Samsung announced its CX225MD LCD TV, a 22″ LCD TV with a resolution of 1680 x 1050. That’s the first problem. A TV should have a 16:9 aspect ratio, but that resolution leads to a 16:10 aspect ratio. Not that much difference in numbers, but unnecessary black bars are not my style. Samsung makes a more glaring mistake by having a Full HD logo on the set. Full HD refers to a resolution of 1920 x 1080 and is able to display motion picture in 1080p. Not so with the CX225MD; it has only 1680 x 1050. The CX225MD does have a TV tuner and a HDMI port, but if you like to watch HD content at its regular aspect ratio, you might be a bit surprised at the output with all the scaling necessary.
This is definitely a mixture of features and specifications from both the LCD monitor world and the LCD TV world. A 16:10 aspect ratio is a first for LCD TVs and so is the resolution of 1680 x 1050. Of course, the inclusion of a TV tuner would make it a TV. The HDMI port also gives it away as a TV. But have we not seen LCD monitors with HDMI ports already? Also, there have been multifunction LCD monitors from Samsung that sported a TV tuner in a LCD monitor box.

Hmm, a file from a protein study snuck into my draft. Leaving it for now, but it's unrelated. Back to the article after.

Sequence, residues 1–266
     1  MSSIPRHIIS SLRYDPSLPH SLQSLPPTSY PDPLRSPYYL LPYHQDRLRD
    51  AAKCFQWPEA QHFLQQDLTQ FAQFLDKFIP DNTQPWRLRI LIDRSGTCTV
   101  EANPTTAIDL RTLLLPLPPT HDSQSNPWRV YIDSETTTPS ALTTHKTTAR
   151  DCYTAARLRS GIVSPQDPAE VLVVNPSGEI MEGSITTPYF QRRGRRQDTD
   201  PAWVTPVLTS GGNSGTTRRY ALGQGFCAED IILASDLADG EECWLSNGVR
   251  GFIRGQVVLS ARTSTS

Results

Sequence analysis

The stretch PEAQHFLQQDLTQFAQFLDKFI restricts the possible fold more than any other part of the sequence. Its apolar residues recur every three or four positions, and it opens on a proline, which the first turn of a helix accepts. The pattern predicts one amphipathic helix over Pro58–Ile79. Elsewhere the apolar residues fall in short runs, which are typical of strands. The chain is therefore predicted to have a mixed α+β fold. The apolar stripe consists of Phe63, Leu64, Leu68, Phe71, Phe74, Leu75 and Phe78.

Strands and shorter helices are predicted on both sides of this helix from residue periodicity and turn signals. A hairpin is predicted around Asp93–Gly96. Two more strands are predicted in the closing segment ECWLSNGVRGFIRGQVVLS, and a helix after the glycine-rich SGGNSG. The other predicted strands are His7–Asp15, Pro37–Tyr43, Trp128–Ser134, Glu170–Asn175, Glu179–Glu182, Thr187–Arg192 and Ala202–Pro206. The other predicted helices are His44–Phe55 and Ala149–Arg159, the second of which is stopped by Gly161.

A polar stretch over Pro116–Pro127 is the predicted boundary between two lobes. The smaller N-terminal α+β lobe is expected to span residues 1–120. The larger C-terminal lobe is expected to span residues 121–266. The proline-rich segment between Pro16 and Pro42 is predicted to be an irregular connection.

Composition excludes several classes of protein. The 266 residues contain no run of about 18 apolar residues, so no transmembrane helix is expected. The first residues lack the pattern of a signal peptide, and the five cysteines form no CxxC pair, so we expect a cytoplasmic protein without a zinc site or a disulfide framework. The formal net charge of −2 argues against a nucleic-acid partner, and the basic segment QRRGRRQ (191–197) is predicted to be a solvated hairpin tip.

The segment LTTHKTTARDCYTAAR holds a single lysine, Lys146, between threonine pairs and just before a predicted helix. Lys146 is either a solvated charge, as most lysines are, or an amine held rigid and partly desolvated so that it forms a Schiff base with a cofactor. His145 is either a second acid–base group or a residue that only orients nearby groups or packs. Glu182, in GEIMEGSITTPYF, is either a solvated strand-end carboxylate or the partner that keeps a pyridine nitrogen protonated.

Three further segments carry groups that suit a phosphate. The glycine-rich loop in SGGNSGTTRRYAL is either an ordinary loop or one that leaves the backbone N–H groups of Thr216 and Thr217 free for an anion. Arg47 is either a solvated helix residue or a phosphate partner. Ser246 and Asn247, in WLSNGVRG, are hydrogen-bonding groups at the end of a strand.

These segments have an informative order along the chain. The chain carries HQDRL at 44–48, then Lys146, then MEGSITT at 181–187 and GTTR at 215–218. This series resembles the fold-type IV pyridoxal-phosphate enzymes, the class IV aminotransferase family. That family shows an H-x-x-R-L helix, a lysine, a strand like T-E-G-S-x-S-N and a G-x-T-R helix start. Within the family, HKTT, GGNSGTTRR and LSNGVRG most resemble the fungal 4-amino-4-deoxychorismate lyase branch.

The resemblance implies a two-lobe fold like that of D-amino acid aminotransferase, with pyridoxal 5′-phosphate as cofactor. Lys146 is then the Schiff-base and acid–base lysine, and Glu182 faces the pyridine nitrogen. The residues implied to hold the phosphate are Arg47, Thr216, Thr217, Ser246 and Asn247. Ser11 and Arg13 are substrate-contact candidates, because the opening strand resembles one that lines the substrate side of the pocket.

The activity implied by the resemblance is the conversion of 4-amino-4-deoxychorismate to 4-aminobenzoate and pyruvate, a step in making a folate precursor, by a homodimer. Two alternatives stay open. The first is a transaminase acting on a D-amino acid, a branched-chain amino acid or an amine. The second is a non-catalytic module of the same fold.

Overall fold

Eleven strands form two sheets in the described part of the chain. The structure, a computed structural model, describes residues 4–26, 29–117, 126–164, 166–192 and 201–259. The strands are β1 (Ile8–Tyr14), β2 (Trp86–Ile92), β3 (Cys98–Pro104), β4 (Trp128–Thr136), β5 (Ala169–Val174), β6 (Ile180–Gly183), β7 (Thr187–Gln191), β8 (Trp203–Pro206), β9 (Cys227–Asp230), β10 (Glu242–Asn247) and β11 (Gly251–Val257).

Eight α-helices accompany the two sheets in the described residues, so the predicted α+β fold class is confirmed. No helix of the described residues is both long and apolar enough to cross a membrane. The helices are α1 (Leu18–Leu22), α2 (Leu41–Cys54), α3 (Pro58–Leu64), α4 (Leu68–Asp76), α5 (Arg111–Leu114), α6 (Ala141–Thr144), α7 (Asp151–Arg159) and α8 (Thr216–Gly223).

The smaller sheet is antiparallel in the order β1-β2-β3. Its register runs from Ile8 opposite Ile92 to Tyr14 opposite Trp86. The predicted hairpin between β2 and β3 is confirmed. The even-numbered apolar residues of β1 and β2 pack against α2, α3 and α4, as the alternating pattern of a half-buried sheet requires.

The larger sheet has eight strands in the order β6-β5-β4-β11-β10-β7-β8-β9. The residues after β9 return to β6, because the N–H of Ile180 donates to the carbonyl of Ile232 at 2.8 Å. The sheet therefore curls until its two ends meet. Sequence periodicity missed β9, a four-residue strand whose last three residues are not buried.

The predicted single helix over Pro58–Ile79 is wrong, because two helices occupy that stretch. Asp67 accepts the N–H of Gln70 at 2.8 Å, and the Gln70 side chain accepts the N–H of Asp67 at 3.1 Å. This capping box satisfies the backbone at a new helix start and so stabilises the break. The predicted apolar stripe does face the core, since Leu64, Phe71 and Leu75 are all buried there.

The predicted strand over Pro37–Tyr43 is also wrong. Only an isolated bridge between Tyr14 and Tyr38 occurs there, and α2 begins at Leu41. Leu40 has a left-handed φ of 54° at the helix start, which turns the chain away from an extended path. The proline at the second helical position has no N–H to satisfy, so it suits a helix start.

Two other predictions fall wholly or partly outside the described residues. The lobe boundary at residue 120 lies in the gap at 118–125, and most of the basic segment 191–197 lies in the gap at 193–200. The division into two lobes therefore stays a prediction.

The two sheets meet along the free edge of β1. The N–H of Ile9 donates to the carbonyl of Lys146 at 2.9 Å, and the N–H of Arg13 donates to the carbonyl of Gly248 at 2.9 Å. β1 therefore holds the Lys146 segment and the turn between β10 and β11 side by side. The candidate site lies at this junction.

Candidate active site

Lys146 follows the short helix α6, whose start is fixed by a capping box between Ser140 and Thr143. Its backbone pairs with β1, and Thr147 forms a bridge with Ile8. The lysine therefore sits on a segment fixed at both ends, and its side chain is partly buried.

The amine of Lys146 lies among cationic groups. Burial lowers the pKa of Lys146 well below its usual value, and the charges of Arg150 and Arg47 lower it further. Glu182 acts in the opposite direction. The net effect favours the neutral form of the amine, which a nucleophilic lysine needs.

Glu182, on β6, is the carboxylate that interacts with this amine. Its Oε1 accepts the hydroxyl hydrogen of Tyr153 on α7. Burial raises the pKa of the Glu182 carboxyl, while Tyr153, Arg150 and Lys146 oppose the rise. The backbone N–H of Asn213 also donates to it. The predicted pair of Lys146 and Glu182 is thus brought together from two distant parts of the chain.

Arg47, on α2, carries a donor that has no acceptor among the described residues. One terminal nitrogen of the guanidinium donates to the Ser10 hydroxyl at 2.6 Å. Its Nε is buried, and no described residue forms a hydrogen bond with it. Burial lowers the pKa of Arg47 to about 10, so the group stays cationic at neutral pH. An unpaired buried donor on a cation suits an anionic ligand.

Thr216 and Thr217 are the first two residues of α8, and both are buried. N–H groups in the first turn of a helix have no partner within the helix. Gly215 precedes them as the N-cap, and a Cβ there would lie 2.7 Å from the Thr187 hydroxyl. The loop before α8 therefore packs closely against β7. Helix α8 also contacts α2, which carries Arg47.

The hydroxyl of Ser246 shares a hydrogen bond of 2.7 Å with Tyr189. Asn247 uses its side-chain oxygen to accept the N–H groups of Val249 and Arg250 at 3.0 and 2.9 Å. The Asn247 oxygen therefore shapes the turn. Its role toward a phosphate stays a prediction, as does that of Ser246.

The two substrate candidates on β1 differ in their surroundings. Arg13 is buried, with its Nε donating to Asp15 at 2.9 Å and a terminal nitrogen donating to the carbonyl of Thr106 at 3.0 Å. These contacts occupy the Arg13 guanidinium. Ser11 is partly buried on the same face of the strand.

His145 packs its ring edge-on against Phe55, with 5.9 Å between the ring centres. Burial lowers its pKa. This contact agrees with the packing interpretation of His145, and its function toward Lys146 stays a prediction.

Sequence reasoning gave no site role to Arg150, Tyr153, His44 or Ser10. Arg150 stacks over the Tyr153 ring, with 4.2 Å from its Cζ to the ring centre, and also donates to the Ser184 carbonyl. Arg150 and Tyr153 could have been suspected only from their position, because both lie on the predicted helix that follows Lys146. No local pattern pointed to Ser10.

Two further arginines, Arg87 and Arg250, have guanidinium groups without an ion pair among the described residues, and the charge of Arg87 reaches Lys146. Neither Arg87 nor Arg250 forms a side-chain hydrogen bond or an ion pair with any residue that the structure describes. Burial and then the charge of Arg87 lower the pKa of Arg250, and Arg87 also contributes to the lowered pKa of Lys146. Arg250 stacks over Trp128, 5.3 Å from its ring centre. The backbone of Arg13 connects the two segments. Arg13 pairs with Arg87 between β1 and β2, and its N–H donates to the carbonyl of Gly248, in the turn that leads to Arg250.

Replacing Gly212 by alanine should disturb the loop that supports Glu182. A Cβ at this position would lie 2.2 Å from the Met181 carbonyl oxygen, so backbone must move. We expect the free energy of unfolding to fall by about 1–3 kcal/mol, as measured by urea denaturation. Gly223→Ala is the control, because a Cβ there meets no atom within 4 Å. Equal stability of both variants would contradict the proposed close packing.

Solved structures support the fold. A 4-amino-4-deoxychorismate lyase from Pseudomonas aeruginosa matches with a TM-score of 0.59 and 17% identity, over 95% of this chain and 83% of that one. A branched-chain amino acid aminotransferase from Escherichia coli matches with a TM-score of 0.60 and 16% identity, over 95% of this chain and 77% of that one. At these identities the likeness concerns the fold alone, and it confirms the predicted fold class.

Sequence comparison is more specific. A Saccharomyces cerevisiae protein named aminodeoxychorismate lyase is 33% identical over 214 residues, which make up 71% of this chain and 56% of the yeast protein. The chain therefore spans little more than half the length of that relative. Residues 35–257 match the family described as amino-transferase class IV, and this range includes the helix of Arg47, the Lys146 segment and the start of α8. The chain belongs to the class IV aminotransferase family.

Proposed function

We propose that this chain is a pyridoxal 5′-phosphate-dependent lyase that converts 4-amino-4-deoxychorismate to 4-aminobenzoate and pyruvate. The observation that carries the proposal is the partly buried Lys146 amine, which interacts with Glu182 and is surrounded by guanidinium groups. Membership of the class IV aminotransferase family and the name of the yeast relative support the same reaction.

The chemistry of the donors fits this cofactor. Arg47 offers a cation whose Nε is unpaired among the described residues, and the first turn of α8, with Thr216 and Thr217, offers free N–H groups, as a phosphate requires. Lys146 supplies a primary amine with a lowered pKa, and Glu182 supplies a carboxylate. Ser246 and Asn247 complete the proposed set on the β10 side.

So, what do I think of all of this? The distinction between high-end LCD monitor and a regular LCD TV has started to blur, thanks to Samsung and its CX225MD. The distinction was really just industry-made. There are many reasons why this trend will continue. First, users have started to use LCD monitors as a TV screen and a LCD TV as a monitor screen. Second, the technical capabilities have started to merge, though I would still go for a high-end LCD TV to get the best performance of both monitor and TV worlds. Third, with the addition of HD gaming consoles, the “regular” uses for LCD monitors and LCD TVs have been further blurred. We do not need an artificial distinction. Just get us large, high-resolution displays with no motion blur, high constrast ratios, and 100% NTSC.
Source: Akihabara News